An Exact Replica of a Figment of My Imagination: A Memoir by Elizabeth McCracken
My rating: 5 stars
Overview from Goodreads: "This is the happiest
story in the world with the saddest ending," writes Elizabeth McCracken
in her powerful, inspiring memoir. A prize-winning, successful novelist
in her 30s, McCracken was happy to be an itinerant writer and
self-proclaimed spinster. But suddenly she fell in love, got married,
and two years ago was living in a remote part of France, working on her
novel, and waiting for the birth of her first child.
This book is
about what happened next. In her ninth month of pregnancy, she learned
that her baby boy had died. How do you deal with and recover from this
kind of loss? Of course you don't--but you go on. And if you have ever
experienced loss or love someone who has, the company of this remarkable
book will help you go on. With humor and warmth and unfailing
generosity, McCracken considers the nature of love and grief. She opens
her heart and leaves all of ours the richer for it.
I would absolutely recommend this to anyone who has suffered the loss of a child.
Every experience is different, (just as every pregnancy is different), but there are threads that connect us all and this author manages to weave those together while sharing her story. There were so many times I was nodding my head, or flagging passages - even though my story is different from hers.
"All I can say is, it's a sort of kinship, as though there is a family
tree of grief. On this branch the lost children, on this the suicided
parents, here the beloved mentally ill siblings. When something terrible
happens, you discover all of a sudden that you have a new set of
relatives, people with whom you can speak in the shorthand of cousins."
There were raw truths about things being completely different, yet never the same:
"I had just stepped over the border from happy pregnancy to grief, but I
could still see that better, blither country, could smell the air over
my shoulder, could remember my fluency there, the dumb jokes, the
gestures, the disappointing cuisine, the rarefied climate. I knew
already I could never go back, not then, not for any future pregnancy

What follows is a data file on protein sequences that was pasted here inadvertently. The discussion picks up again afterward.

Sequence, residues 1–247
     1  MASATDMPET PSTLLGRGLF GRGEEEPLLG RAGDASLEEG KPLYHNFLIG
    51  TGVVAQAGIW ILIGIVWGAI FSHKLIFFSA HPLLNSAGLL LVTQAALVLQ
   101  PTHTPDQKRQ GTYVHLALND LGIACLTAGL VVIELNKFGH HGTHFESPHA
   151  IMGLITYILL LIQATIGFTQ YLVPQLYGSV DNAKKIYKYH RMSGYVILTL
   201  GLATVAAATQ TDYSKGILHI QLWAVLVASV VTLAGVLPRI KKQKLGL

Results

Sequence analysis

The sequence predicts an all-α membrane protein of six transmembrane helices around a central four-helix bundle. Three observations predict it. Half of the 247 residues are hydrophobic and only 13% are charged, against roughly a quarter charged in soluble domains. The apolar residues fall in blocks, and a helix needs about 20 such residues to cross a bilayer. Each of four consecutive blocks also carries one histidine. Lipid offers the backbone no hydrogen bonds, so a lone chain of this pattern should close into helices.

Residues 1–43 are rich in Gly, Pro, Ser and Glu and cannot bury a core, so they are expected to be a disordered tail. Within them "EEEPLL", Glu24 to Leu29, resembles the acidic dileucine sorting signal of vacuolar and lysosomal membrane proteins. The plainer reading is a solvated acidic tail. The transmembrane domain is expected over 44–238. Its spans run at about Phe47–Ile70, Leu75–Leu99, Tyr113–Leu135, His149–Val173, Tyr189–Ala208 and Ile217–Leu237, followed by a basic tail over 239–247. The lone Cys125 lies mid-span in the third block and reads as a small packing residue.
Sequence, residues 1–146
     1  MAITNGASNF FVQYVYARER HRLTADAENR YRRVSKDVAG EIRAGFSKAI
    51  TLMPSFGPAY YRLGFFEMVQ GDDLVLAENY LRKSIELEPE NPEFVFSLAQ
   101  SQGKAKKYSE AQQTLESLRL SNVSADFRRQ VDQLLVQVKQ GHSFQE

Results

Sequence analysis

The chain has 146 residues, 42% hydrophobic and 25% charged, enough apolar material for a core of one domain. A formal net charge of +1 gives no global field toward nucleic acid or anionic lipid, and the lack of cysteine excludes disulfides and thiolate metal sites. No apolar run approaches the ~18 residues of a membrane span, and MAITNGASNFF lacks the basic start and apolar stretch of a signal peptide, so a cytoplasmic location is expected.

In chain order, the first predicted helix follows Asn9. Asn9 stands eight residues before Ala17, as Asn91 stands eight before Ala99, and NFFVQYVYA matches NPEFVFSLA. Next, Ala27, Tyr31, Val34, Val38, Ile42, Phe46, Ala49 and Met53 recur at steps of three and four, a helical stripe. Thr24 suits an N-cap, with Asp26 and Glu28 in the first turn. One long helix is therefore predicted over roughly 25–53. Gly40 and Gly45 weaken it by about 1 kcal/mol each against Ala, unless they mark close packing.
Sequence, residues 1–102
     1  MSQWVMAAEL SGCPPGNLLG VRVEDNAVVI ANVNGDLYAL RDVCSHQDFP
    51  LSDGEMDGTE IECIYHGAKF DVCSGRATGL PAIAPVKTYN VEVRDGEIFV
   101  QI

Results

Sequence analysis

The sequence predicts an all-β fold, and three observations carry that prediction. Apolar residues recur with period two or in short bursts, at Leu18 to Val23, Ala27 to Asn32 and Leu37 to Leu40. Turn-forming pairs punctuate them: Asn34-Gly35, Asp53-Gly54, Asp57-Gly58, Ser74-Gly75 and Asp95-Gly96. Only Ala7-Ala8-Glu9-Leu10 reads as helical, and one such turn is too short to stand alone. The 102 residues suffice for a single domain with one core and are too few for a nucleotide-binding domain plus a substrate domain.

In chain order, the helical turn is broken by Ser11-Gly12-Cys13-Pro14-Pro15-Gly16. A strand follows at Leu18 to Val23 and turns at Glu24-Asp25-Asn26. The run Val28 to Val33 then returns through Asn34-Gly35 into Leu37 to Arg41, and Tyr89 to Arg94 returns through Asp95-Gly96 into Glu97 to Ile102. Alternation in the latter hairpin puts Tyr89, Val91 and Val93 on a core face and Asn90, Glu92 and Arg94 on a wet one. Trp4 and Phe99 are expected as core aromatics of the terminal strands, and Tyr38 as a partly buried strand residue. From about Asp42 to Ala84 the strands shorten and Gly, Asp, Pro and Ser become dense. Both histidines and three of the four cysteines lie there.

(should I be so lucky)." (pg 21)
"After most deaths, I imagine, the awfulness lies in how
everything's changed: you no longer recognize the form of your days.
There's a hole. It's person-shaped and it follows you everywhere, to
bed, to the dinner table, in the car. For us what was killing was how
nothing had changed. We'd been waiting to be transformed, and now here
we were, back in our old life." (pg 97)
She touched on not wanting to talk about it, but wanting people to know her son Pudding (a nickname they called him while she was pregnant), died. She talks about having it printed up on cards that she can just hand to people - it seems easier for people to read the news and that way no one has to actually speak it.
I had to put the book down when I read that. So much yes. I don't always want to talk about Cece, but I want everyone I see - stranger or friend alike - to know this happened. McCracken says her card would say her first child was stillborn. Mine might say:
Always dreamed of being a mother, but cannot get pregnant. After three and a half years of being told no, we were finally told yes, but our daughter died through miscarriage.
McCracken talks about not wanting to wish away the experience - I nodded at that too. I absolutely hate that this happened, but I don't regret the time we had with her.
She even hits the nail on the head about letters and cards and emails, and how they can be such a lifeline.
"Before Pudding died, I'd thought condolence notes were simply small bits of old-fashioned etiquette, important but universally acknowledged as inadequate gestures. Now they felt like oxygen, and only now do I fully understand why: to know that other people were sad made Pudding more real." (pg 78)
Honestly, this review is not even close to doing this book justice. The author is real, and raw, and vulnerable, and I will carry her story with me from now on. Highly recommend.
"But my grief was still fresh, grief lasts longer than sympathy, which is one of the tragedies of the grieving..." (pg 80)